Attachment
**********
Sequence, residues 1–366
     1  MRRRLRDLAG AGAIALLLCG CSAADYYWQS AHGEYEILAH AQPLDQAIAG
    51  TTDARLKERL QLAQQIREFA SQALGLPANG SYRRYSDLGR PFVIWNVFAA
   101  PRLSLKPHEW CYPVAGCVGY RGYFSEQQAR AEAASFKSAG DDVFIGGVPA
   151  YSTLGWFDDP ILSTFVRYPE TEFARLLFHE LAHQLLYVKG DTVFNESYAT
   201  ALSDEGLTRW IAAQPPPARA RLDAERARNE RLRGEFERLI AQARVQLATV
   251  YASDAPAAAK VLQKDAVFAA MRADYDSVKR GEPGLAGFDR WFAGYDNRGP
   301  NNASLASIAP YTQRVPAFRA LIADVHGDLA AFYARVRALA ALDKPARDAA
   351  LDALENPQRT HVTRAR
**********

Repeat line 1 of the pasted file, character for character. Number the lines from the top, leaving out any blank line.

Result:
Sequence, residues 1–366